Regardless of Republican support, Senate Democrats will introduce a draft of President Biden’s major infrastructure bill in June, and plan to pass it this summer.
Senators will be out of Washington next week for the National Day of Mourning holiday, and when they return to work from recess, Democrats will introduce the infrastructure bill, which covers everything from transportation, broadband, equipment to job training.
“The president continues to discuss the base-creation law with Senate Republicans, and committees will hold public hearings and continue to work to advance the ‘Build Back Better’ plan, with or without Republican support”; Senate Majority Leader Chuck Schumer (D-N.Y.) wrote to Democrats on the 28th, saying, “A comprehensive jobs and foundation creation law must be passed this summer.”
President Biden worked with Senate Republicans to reach a bipartisan agreement on a major improvement to the U.S. infrastructure program; after several rounds of negotiations, it became clear that the two sides had failed to reach a consensus on the bill and the amount of money the government should pay.
The White House and the Republican Party can hardly reach a consensus, some Democrats proposed whether or not the Republican Party support, have to pass the bill’s voice is growing; Democrats can do so in the budget reconciliation stage that only requires a simple majority vote; Democrats had passed Biden’s first major bill in March without Republican support, namely the $1.9 trillion new crown relief plan.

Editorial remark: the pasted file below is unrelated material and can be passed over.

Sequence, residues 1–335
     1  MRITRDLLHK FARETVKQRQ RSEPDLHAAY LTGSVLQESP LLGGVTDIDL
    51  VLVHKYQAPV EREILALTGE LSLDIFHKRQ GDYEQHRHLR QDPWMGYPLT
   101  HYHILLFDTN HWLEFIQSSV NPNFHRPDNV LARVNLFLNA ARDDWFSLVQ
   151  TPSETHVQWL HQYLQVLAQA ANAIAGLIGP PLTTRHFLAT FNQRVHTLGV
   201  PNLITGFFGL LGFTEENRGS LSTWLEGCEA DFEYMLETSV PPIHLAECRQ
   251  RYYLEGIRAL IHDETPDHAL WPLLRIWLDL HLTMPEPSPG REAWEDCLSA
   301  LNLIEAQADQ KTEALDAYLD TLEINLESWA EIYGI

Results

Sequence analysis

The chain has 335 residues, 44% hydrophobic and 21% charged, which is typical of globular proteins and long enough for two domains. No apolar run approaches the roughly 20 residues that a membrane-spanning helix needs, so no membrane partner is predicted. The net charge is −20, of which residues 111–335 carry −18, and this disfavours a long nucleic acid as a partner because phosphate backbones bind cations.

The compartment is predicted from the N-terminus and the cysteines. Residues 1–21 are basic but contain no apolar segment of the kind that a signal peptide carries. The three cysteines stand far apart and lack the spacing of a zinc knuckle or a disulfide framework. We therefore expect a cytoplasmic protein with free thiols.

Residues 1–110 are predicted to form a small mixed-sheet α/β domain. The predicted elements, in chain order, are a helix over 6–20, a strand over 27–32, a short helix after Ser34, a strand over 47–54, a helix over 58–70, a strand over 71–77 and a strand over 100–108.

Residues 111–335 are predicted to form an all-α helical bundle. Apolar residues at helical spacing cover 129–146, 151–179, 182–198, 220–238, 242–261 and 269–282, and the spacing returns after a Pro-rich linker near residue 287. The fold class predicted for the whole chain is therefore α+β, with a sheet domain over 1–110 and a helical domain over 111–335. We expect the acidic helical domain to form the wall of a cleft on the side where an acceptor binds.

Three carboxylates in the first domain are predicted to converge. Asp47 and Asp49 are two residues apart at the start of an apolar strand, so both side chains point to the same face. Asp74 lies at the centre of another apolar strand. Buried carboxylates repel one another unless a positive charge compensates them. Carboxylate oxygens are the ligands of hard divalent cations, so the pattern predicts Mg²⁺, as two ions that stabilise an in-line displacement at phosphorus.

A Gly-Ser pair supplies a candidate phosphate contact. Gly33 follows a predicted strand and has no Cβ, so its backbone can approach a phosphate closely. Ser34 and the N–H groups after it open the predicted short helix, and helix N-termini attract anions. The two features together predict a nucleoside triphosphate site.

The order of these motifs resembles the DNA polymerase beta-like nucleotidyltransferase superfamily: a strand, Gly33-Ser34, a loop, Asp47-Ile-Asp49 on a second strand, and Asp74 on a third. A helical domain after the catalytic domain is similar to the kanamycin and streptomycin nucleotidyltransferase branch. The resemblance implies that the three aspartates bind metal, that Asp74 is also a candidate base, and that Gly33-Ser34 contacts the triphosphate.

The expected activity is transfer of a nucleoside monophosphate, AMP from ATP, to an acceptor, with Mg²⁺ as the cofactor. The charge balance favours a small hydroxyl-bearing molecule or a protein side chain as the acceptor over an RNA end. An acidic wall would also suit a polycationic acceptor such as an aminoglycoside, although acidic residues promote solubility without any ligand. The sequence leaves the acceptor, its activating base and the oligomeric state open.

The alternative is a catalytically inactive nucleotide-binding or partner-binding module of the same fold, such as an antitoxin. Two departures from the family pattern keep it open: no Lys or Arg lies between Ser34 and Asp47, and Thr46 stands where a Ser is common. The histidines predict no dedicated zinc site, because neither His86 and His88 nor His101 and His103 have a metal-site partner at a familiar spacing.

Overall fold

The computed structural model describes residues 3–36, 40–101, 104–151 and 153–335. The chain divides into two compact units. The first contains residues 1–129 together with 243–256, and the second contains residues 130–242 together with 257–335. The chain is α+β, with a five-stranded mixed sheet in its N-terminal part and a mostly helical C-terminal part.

Republicans 27 proposed $928 billion infrastructure package, which is half the amount of the White House’s last proposed $1.7 trillion package.
White House spokesman Jen Psaki praised the Republican bill as “constructive,” but remained concerned that the Republican proposal would make it difficult to modernize railroads and convert to clean energy; the Republicans want to divert the inexhaustible New Crown bailout funds to the infrastructure program budget, but the White House wants the Republicans to use up all the bailout funds, saying The diversion of funds threatens to affect small businesses and hospitals.
Bilateral negotiations continue, and Biden will meet with Senator Shelley M. Capito of West Virginia, who is leading the Republican negotiations, as soon as this week.
The two parties must resolve two major differences, one is the scope of the definition of infrastructure, Republicans expect to limit the scope of the legislation to transportation, broadband and water.
In addition, the two sides may also be difficult to reach consensus on funding sources, Biden wants to raise corporate taxes, Republicans see this as a red line.
Schumer wrote in his letter that it was “encouraging” that the Senate Environment and Public Works Committee (EPWC) accelerated the $300 billion surface transportation bill last week.
Senate Minority Leader Mitch McConnell (R-Ky.), who has said he would work with Biden on a wide range of economic issues, told Republicans on the 27th that he would continue discussions with Biden, telling “Consumer News and Business Channel” (CNBC), “We want to get results on major infrastructure plan.”